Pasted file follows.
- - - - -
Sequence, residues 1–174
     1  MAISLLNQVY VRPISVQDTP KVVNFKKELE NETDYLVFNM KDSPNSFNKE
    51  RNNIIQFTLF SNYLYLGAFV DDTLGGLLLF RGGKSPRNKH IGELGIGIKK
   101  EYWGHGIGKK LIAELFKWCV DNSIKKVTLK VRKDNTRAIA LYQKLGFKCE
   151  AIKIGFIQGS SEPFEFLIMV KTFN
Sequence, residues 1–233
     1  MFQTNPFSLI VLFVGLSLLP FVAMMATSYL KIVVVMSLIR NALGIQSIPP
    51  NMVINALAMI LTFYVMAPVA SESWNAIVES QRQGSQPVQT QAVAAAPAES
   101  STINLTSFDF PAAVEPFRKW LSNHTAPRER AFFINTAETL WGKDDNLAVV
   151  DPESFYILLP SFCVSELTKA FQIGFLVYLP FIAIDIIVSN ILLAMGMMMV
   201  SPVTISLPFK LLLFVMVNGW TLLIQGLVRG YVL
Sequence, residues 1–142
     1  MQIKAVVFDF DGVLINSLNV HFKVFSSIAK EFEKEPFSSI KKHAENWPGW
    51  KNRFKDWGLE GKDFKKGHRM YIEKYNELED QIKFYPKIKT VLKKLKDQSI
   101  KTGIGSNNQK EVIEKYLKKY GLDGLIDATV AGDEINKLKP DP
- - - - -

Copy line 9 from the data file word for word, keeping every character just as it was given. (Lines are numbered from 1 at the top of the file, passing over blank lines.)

   101  STINLTSFDF PAAVEPFRKW LSNHTAPRER AFFINTAETL WGKDDNLAVV